Meet the Bobcat & Canada Lynx at Wildwood Zoo
We currently have one bobcat and one lynx here at Wildwood Zoo.
Lexi is a female lynx who arrived in March of 2010. Lexi's name was chosen for her by school children attending a spring education program that April. Lexi likes to chase around toys and smell perfume. The best time to see Lexi playing with toys is during the summer ed-zoo-cational talks during her enrichment. However, she is given toys frequently as part of her daily enrichment and you never know when or what she may be playing with next. Lynx, bobcats, and even domestic cats will also spray all over an area to mark it as their territory.
Did you know Lexi's enclosure offers unique viewing with windows displaying the inside parts of her enclosure? This allows visitors to see what Lexi is up to and what behind-the-scene areas look like at a zoo. Lexi likes to nap when she is inside so we do ask that you do not hit the windows and disturb her.
We also ask that you do not hit the Plexiglas front of her cage. Lexi does get irritated and will occasionally swat back at visitors. She also enjoys lying right in front of the Plexiglas and we want to keep this a comfortable spot for her.
Canada Lynx are short-tailed, long-legged wildcats. They weigh 15-35 pounds and stand about 2 feet tall (about the same height as a Golden Retriever). Lynx are federally threatened animals. Several lynx sightings have been reported in northern Wisconsin . Biologists are uncertain as to whether or not lynx are breeding in Wisconsin . The main source of prey for lynx is snowshoe hare. On average, a lynx kills one snowshoe hare every other night (which means they eat 150-200 snowshoe hares per year)! Lynx have great eyesight and can see a mouse from 250 feet away!
If snowshoe hare are hard to find, lynx will also eat rodents, birds, fish, and weak or sick deer. Here at the zoo the lynx are fed chicken, venison, and carnivore loaf (looks like ground up hamburger).
Lynx are usually solitary animals except for mating season in February and March. Pregnancy lasts 8 to 10 weeks. Two or three kitten are a typical litter. A newborn kitten is born helpless but with lots of fur to keep it warm. They weigh only 200 grams at birth - about the size of a bar of soap! The mother will nurse her young for about 5 months. They may begin to eat some meat at one month old.
The mother will teach them to hunt and they will stay with her for 11 months. After leaving their mother the siblings will sometimes stay together for a while. Females can reach sexual maturity at 21 moths and males at 33 months. A female will only have one litter a year.
In the wild the average lifespan of a lynx is 10 to 15 years. In captivity they can live up to 26 years.
Bets is a 9-year-old male bobcat that was transferred to Wildwood Zoo from Ochsner Park Zoo in Baraboo, WI on October 27, 2016. He has joined “Lexi”, the Zoo’s 11-year-old lynx. Bets is a confident, outgoing cat; although he just arrived at the Zoo last week, he is already eager to explore his new exhibit and interact with guests. The addition of a bobcat to the exhibit is a great opportunity for our patrons to see a side by side comparison of these two closely related species. With his addition, the former Lynx Exhibit will now be known as the Wildcat Exhibit.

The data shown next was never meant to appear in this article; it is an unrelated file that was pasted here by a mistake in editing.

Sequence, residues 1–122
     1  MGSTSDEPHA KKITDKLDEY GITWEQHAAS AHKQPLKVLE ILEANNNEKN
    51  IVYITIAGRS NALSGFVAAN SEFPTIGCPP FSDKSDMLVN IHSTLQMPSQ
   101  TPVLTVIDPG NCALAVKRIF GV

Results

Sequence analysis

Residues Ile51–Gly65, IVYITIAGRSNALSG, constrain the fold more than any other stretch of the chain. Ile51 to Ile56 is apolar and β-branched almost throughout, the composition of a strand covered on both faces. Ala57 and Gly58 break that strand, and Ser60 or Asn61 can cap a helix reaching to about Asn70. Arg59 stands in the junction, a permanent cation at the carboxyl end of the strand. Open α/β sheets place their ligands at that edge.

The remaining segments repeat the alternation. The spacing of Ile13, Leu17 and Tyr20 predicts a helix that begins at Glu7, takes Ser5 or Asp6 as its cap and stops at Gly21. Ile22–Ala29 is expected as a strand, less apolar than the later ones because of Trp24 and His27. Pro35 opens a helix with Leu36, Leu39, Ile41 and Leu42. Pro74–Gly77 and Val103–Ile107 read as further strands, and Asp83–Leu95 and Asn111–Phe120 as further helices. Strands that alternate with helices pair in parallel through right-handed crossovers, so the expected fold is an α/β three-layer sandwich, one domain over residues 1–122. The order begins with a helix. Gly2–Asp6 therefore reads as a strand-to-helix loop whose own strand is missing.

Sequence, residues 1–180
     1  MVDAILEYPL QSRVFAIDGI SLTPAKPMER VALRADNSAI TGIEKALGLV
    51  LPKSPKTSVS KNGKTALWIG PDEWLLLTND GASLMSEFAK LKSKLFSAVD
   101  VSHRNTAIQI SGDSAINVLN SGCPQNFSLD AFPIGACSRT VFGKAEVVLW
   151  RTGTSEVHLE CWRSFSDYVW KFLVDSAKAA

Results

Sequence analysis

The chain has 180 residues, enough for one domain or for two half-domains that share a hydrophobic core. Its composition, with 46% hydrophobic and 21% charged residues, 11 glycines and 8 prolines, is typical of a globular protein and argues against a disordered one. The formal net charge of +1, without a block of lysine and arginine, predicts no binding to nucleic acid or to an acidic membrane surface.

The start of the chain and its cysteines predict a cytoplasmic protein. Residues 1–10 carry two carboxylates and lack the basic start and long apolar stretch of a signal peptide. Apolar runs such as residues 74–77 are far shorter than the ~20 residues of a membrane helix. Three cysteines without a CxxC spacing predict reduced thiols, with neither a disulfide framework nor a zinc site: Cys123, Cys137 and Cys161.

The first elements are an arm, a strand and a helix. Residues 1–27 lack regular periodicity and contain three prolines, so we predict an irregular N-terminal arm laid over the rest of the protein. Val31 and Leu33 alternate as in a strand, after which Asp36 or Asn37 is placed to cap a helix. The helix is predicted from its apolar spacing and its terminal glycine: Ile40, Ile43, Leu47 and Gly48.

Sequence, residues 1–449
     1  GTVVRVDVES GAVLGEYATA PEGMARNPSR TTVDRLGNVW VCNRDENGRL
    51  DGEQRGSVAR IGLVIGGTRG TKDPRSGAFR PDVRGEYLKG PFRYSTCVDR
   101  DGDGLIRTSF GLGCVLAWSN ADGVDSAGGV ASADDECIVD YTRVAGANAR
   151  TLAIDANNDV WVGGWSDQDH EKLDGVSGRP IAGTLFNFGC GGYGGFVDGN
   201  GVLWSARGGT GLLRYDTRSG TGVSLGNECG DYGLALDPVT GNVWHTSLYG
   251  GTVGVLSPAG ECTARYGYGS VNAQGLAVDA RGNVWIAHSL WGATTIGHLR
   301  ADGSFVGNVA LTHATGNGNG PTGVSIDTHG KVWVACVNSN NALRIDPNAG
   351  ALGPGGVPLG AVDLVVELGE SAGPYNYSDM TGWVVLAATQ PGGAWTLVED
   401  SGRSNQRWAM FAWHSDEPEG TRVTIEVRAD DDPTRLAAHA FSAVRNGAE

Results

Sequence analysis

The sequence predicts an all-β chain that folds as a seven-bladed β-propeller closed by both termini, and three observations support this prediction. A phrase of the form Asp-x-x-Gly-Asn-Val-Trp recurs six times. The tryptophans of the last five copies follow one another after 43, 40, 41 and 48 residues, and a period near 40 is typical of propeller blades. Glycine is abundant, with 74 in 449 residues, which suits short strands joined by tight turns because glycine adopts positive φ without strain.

Bobcats, sometimes referred to as Wildcats, are medium-sized cats that are typically about twice the size of a house cat. They are the most abundant wild cat species in North America and have the largest geographic distribution. Though bobcats are relatively common predators (estimated population in the United States is about 2.3 to 3.6 million animals and about 2,850 in Wisconsin) they are rarely seen. Bobcats are most active at night and are extremely elusive. They are very adaptable to a wide range of environments ranging from dense woodlands and swamps to desert. A Bobcat’s usual home range is about 3-5 square miles, though suburban cats might inhabit an area about 20% that size. Their preferred foods are small mammals and birds; however, they will prey upon animals much larger than themselves. In fact, they can be a significant source of whitetail predation in some of their range.
Bobcat and Lynx are both part of the Lynx family; differences between the two species can be subtle, so people often mistake them in the wild. Here in Wisconsin, we are relatively close to an overlap in lynx and bobcat ranges. Sighting either is possible, but a lynx sighting in Wisconsin is very rare. In fact, the last positively confirmed lynx in Wisconsin was in 1992. Scientists don’t believe there was ever a breeding population of Lynx in the state. Individuals that are sighted are likely traveling south from their usual habitat in search of food.
|Canada Lynx Range in North America
For more information, please visit the Wisconsin Department of Natural Resources.
|Bobcat Range in North America
For more information, please visit the Wisconsin Department of Natural Resources
Meet the Kodiak Bears
Meet the Mountain Lions
Meet the Bobcat & Canada Lynx
Meet the Timber Wolves
Meet the White-tailed Deer
Meet the American Bison
Meet the American Elk
Meet the Bighorn Sheep
Meet the Bald Eagle
Meet the Great Horned Owl
Meet the Red-tailed Hawk
Meet the Rough-legged Hawk
Meet the Peregrine Falcon
Meet the Ornate Box Turtles
Meet the Black-tailed Prairie Dogs
Meet the Fox
Meet the Sandhill Cranes
Meet the Screech Owl
Meet the Mute Swan
Meet the Non-Resident Animals